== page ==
Singapore Election 2011

Latest news and updates about Singapore's 14th GE

PAP leaders continue to harp on their ‘fifty year track record’

Posted by singaporege2011 on April 30, 2011

Unable to provide any concrete plans to improve the quality of life of ordinary Singaporeans other than to import another 900,000 foreign workers on work permits, PAP leaders have been harping on the regime’s ‘fifty year track record’ in order to convince undecided voters to continue supporting them.

The message is likely to sway conservative voters in their 40s to 60s who live through the ‘boom years’ under the PAP and are apprehensive about their future if the PAP loses power.

PAP de facto leader Lee Kuan Yew recalled the PAP’s ‘track record’ ever since it first came into power way back in 1959:

“What you want to see is the performance on the job, not the speeches they make. The reason why I’m here since 1959 is because I not only speak, I do. I carry out what I say. And at the end of the day, you’ve got to decide, can this person deliver? Never mind all the gloss, the panache, can they deliver? What is their track record?”

Even PAP newbie candidates with absolutely no ‘track record’ to speak of are quick to jump onto the PAP bandwagon with Lawrence Wong and former Malaysian Foo Mee Har highlighting the PAP’s ‘accomplishments’ in creating ‘good jobs’ to a widely ‘admired’ healthcare system.

Ms Foo, 45, a Standard Chartered banker, spoke of how the PAP regime’s “steady” hand had steered Singapore through past crises, including the recent financial turmoil, ensuring the country was relatively unscathed though the country’s two sovereign wealth funds reportedly lost billions of dollars in failed overseas investments which has yet to be accounted for to this very day.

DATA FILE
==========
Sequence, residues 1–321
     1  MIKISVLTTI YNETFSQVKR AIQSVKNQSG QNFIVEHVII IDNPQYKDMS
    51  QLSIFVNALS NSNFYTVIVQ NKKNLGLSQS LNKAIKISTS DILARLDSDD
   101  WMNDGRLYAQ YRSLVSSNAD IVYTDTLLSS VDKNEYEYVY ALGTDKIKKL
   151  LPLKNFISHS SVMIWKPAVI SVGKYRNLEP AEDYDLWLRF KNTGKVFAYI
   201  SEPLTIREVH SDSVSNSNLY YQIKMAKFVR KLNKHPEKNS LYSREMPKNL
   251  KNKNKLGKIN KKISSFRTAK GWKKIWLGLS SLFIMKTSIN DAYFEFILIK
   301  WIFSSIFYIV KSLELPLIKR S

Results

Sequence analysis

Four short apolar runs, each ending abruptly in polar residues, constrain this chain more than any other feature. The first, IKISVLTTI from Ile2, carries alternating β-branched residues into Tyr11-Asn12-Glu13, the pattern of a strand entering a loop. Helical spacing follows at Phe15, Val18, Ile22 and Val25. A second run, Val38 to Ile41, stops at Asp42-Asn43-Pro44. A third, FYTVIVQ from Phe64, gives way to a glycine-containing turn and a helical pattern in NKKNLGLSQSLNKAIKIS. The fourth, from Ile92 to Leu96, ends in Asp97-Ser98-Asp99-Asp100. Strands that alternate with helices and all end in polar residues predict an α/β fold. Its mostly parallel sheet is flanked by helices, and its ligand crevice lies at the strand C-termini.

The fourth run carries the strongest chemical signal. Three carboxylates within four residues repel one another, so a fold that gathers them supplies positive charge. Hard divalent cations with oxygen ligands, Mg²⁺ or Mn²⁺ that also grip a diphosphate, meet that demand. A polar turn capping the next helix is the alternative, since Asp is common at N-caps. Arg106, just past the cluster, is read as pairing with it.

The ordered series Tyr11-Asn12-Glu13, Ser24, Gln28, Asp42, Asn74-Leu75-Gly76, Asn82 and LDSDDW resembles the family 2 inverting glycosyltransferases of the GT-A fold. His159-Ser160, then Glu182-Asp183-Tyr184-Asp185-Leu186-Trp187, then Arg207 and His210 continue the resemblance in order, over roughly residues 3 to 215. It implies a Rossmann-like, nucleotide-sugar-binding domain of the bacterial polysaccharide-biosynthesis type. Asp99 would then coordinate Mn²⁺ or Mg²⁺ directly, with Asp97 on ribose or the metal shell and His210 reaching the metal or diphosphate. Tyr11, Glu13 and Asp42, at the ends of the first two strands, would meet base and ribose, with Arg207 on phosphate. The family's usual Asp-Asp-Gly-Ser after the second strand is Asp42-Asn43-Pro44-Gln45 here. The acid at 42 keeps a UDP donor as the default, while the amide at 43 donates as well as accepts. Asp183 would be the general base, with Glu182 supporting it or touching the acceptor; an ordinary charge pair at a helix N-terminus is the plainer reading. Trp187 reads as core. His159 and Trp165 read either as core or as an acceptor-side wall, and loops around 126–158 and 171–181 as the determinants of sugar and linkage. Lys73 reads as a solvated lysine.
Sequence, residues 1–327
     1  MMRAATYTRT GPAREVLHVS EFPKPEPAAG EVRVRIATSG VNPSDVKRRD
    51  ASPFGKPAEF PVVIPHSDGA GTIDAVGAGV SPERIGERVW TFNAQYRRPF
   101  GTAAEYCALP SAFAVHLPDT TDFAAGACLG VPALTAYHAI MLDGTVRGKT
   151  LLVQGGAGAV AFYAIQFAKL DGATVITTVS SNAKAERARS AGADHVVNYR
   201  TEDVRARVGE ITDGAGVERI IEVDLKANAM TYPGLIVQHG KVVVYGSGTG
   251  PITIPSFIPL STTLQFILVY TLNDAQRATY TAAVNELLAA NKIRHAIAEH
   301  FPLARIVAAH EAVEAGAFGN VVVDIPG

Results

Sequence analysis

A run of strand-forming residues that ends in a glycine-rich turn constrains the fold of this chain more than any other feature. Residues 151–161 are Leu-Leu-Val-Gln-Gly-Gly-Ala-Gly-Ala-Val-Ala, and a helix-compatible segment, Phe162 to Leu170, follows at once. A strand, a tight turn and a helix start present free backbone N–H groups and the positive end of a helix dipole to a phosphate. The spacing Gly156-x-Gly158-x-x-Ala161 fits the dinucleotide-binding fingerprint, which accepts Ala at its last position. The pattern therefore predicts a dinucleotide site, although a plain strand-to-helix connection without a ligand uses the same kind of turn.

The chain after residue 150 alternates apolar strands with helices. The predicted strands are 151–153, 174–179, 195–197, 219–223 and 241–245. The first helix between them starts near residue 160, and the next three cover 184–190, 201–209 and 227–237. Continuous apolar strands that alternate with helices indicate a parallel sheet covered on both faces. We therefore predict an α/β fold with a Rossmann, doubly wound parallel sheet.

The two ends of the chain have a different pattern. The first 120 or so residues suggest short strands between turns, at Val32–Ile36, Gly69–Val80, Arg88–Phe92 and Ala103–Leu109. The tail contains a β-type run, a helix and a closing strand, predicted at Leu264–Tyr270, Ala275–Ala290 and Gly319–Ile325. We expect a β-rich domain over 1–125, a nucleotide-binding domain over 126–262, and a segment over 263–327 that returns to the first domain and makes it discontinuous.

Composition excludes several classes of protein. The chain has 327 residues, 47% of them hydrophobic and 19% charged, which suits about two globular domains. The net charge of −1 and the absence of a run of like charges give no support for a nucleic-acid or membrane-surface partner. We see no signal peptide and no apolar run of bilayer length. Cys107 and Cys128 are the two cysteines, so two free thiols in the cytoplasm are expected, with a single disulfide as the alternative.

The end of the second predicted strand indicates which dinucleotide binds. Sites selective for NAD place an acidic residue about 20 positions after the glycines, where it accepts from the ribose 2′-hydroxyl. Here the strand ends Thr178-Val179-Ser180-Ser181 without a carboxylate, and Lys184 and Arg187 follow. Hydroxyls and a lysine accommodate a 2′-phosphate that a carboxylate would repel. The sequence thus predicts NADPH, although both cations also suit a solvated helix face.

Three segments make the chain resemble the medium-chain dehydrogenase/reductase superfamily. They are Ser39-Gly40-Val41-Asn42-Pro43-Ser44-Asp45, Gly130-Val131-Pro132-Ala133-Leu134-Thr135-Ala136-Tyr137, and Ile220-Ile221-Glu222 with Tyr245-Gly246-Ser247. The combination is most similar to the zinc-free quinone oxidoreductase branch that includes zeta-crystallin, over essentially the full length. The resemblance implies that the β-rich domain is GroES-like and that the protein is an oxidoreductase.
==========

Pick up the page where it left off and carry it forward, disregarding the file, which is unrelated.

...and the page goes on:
The coming general election should be a referendum of the PAP’s ‘track record’ from 2006 to 2010 ONLY and not for the past fifty years or otherwise the PAP regime should hold elections only once in fifty years and not every five years.

The present PAP leaders should stop riding on their predecessors’ achievements for past achievements do not guarantee future successes. Furthermore, Singaporeans had already rewarded the PAP with thumping electoral victories in the past.

Under the PAP rule for the last five years, the median income of Singaporeans remain stagnant at $2,500 monthly and their domestic purchasing power are now less than the Malaysians while the prices of HDB flats have almost doubled, not to mention the various screw-ups such as the escape of Mas Selamat, the recurrent spates of flooding, losses in Town Council funds and the relentless influx of foreigners.

With the two opposition MPs contesting in GRCs, Singaporeans may end up having no elected non-PAP MPs in parliament for the first time since 1981. NCMPs have limited voting rights and have no influence over policies. Unless the PAP is denied its 2/3 majority in parliament, the status quo is likely to remain under the charge of Lee Kuan Yew.


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